Christchurch NGO WECAN, has lodged 100 complaints with the OECD (an international complaint mechanism for multinational enterprises violating human rights). The complaints allege Insurance companies, in particular the Government owned insurer EQC, have caused or exacerbated people’s physical and mental health, by not fulfilling insurance contracts, in de facto, forcing them to remain living in a broken home.

The Reality – For many no Progressive Realisation
Whilst Government assistance has targeted geographical areas, for certain worst damage /low socio economic areas there has been no improvement: Instead a significant regression since the 2nd major earthquake of 2011. For many this meant a 3rd winter in a broken home, in a sub alpine climate, with no prospect in sight for a repair/rebuild, fulfilment of their insurance contract, and with consequential negative physical and mental health outcomes.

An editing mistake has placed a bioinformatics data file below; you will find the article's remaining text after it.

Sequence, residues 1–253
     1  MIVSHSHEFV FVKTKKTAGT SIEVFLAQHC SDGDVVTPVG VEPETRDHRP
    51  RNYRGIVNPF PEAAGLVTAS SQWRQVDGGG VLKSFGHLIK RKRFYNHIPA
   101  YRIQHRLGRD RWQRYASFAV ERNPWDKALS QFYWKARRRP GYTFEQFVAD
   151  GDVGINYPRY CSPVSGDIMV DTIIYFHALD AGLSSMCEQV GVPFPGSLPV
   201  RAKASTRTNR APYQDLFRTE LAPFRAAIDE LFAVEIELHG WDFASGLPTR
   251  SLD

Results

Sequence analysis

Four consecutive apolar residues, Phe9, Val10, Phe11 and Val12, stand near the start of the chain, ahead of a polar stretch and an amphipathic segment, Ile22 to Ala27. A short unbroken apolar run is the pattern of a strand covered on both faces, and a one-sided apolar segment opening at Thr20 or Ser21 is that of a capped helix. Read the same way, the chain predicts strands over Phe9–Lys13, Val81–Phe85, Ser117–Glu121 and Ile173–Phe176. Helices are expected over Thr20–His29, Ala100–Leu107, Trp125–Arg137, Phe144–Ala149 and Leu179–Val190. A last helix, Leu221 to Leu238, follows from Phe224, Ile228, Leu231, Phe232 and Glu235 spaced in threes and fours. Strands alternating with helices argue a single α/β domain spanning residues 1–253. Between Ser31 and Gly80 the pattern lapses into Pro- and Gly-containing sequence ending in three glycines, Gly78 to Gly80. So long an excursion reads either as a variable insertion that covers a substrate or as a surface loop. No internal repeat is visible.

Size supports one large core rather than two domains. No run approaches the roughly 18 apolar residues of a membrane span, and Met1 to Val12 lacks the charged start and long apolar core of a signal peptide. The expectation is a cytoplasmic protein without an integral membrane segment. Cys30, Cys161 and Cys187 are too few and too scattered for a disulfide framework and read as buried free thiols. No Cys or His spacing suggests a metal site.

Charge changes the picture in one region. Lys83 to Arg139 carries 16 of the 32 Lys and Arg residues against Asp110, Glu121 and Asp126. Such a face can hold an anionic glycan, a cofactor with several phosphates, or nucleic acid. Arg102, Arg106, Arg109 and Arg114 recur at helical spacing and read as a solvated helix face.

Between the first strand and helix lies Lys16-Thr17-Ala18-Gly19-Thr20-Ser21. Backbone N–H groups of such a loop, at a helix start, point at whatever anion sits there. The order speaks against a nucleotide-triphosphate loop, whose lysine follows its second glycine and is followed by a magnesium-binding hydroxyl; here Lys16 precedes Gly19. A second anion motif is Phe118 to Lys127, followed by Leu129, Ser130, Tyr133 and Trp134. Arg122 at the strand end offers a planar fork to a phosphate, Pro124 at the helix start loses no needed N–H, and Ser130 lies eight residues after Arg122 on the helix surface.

Questions; what specific and concrete steps will the Government take to;
• Use all available resources, to ensure the est. 900 families still living in broken homes and suffering negative health, will not have to endure a 4th winter in a broken home.
• Ensure all vulnerable people are provided with immediate, acceptable, housing solutions and support.
• Direct that State and non-state owned enterprises, desist from commercial and operational practices, which cause or exacerbate human rights violations.